The building’s exterior is pretty unassuming, but the word "theatre", visible above the entrance door of what could be a rather mundane building, is intriguing...
The interior is surprisingly flamboyant, inspired by Italian-style theatres.
The inscription painted on the guard rail of the second gallery – RF 1881 – suggests that the work was completed on this date.
The Italianate decor is mainly composed of gold and red polychrome paintings, medallions and cartouches. You can admire the valance of the old proscenium curtain, painted to imitate tapestry and bearing the initials of Charles Carré.
A token of love
Charles Carré, a solicitor in Chagny, found among the red armchairs an echo of the passion he devoted to his mistress, a singer whose name posterity has not retained ... She wanted a theatre, to which he devoted his fortune to please her.
Barely had the gold decoration been finished, when the beauty took flight and left her penniless solicitor with a theatre that was wonderful, but empty.
Despite this emotional and financial bankruptcy, the theatre enjoyed enough success once it opened to the public to attract the interest of the town of Chagny, which bought it from the solicitor.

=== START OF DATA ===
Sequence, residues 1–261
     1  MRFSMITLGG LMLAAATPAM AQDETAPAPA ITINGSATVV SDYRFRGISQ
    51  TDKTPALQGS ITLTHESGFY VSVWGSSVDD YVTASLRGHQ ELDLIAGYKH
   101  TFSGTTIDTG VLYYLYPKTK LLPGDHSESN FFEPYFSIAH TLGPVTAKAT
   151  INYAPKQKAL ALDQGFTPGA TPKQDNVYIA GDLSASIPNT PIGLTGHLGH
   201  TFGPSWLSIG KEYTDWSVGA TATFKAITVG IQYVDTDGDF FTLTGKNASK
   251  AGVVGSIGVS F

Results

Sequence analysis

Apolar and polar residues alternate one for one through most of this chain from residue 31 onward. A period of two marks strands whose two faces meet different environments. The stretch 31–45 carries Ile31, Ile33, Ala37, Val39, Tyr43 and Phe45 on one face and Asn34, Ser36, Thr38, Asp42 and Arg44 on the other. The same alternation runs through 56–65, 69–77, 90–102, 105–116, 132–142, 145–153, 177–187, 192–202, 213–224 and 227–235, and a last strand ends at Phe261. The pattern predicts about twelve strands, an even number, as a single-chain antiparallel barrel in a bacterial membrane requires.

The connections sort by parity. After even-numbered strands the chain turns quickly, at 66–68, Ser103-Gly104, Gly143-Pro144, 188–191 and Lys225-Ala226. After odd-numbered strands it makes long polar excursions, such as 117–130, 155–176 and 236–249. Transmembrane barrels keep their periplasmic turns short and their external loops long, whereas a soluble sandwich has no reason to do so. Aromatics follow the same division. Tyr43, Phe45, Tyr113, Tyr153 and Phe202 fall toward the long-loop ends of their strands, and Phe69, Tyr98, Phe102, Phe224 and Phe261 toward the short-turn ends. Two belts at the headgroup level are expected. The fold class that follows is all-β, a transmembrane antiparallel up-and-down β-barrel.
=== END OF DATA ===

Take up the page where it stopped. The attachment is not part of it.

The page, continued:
From being a movie theatre in the early 20th century, it became a ballroom until around the 1960s.
Tribute to Copeau
After a complete renovation, on 18th May 1996, the building officially became known as the "Théâtre des Copiaus" in tribute to Jacques Copeau, a pioneer of cultural decentralisation.
He returned to the principles of the Elizabethan theatre that marked the days of Shakespeare, whose writing was addressed as much to the aristocracy as the people, thus uniting all strata of society in a single artistic emotion.
His thinking left its mark on French theatre of the 20th century, as Albert Camus said: "In the history of French theatre, there are two periods: before and after Copeau".
Jacques Copeau and his company lived in Pernand-Vergelesses and left their mark in the local dialect: actors are affectionately known there as "the Copiaus".
The choice of the name "Copiaus" seemed obvious for Chagny’s theatre, as it refers here to the notion of troop and team.